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    Austin So says:

    Really catty.

    It is incredibly disingenuous of you to comment about Rae’s tenure as Ontario premier, as an objective political critic when you were not there Warren, and instead relying on media perceptions and pundits for your judgement instead of fact.

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    frmr disgruntled Con now Happy Lib says:

    Id agree that Mr. Rae, at least in Ontario…..was ballot box poison……He wasn’t so loathed out West here……but mention his name to the Ontarians I had contact with, and the result was usually a string of unpleasantries.
    Sad that someone of such high intellect, passion, integrity, conscientiousness, and from personal experience, warmth……..was passed over for lesser beings.
    I still have the greatest respect for a man who almost single handedly rescued the Liberal Party from near extinction, after the train wreck(at least from an organizational standpoint) that was Michael Ignatieff.
    Mr. Rae made me proud to be a Liberal, and I wish him and his lovely wife Arlene well in all their future endeavours.

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    william Bill Malenfant says:

    a very good political review of this person career.i would like to see more people in this man views in this world of today,let,s hope there is some on the way,Trudeau may be one lets give him a chance and not rip him apart before he has at lease has a few bites at this world that now knows the time you went to the toilet yesterday and everything you done in the past and presume for the weeks and years ahead of how your going to lead….lets give all person the right to enter the field of politics without being put to the gutter before he or she has a chance to show there views to the people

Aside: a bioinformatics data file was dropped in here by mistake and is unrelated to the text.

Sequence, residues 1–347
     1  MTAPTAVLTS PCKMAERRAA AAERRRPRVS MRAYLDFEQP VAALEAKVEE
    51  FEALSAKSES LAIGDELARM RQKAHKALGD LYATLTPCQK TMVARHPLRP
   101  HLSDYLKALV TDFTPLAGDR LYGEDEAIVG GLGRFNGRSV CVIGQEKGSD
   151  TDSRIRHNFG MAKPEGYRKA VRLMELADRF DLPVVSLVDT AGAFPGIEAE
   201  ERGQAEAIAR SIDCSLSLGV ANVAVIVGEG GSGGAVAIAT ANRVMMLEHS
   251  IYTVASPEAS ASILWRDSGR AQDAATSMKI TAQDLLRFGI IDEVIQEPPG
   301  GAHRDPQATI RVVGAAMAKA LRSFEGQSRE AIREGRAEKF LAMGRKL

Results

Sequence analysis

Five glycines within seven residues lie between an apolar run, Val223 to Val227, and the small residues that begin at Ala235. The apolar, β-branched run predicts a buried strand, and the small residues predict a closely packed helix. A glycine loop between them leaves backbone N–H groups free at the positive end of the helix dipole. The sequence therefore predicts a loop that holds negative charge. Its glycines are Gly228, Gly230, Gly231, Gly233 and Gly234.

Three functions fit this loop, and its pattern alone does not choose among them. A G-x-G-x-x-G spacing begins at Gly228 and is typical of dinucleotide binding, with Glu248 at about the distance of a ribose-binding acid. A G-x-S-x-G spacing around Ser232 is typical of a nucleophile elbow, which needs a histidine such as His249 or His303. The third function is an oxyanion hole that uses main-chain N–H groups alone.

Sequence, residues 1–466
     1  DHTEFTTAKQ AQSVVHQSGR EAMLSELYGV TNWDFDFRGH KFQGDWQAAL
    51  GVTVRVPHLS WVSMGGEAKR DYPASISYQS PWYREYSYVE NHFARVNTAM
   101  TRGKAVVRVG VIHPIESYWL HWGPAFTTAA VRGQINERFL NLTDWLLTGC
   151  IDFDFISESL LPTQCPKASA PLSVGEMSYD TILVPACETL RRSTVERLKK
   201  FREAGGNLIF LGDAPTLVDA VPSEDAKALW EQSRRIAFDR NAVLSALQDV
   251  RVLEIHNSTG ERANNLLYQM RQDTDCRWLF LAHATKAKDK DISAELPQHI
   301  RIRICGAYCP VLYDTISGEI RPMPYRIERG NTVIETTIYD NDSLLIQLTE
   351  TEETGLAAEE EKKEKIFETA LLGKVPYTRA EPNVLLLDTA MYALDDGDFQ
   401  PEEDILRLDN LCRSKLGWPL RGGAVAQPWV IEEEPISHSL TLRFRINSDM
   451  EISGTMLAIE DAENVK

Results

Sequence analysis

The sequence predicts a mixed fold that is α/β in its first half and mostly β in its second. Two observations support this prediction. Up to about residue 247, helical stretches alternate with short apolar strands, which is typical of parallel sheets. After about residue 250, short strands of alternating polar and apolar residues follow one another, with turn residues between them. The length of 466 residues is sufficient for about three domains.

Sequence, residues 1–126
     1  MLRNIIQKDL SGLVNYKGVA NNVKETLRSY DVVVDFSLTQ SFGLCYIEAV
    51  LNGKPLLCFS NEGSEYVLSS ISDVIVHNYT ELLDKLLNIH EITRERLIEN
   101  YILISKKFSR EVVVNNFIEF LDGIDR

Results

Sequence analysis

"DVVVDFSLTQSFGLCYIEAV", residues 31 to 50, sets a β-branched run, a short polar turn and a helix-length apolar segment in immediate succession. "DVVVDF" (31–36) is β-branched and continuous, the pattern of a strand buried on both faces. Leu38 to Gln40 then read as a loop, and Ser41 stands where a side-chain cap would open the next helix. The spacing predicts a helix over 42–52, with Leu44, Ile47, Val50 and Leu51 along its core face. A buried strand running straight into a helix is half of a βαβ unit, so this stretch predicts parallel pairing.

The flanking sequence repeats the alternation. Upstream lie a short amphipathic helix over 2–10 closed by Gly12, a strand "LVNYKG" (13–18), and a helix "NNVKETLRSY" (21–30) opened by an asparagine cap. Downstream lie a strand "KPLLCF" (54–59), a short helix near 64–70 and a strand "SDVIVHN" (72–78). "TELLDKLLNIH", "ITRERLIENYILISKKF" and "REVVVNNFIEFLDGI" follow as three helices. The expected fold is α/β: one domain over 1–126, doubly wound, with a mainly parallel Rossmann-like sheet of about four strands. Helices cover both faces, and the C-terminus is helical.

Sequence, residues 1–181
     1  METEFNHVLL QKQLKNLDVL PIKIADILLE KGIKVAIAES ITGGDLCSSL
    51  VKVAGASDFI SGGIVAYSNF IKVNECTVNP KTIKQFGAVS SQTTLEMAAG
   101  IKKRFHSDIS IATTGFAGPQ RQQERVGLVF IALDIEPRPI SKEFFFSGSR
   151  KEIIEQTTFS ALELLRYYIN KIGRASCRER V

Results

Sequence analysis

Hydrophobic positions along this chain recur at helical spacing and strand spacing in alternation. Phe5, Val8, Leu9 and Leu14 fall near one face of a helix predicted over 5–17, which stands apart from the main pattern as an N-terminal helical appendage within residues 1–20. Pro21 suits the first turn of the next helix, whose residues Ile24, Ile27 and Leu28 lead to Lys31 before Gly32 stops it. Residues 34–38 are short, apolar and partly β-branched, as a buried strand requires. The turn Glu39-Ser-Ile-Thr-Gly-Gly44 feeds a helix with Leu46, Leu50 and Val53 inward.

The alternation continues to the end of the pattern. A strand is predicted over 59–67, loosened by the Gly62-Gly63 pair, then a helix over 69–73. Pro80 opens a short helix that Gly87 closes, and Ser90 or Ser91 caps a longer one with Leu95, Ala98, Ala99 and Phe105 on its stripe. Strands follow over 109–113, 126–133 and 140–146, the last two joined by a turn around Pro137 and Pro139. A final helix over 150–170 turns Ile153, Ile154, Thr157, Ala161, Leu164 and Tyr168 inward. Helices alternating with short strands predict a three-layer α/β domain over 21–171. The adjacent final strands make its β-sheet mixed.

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    GPAlta says:

    I think that a much more convincing argument could be made for the Mike Harris government as the worst in Ontario’s history. Yet some of the worst of them are still popular and powerful federal ministers. Image is everything, and the best liar wins in The Harper Country. Maybe Bob was just not good enough at lying and shifting blame to make it federally.

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    deb s says:

    why is it the public remembers soo much of the progressives errors…but someone like Harper gets forgiven at every turn. Are liberals just harsher critics then conservatives about their own? I Hope people like Harper are remembered for their mistakes more than their lucky moments. But I doubt it…just reading the NP and some poll putting Harper as one of the favoured PM’s of all time. I have to shake my head at the ridiculousness of how the past is repainted in splendor and the errors forgotten, well perhaps its just by the pundits and the media;P
    Bob Rae seems like a prince compared to the likes of Mike Harris, Rob Ford, Brian Mulrooney and any of the Harper contigent.

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      tf says:

      Those are my thoughts as well —
      If Warren’s hypotheses holds true, how did Christy Clark get elected in BC?
      Her history is devastating. From her first foray into politics at the university level to her federal record as a Liberal lackey, her spotted history should have followed her to BC but no one talked about it. How about her many failures as Deputy Premier and Education minister to quitting in the wake of BC Rail? Her return in 2011 has been mired in scandal after failure after backtrack after scandal and still she was elected!!! All because Adrian Dix backdated a memo in the late 90’s.
      I just can’t see how the 2 histories could balance each other and lead to the amnesia about Clark ~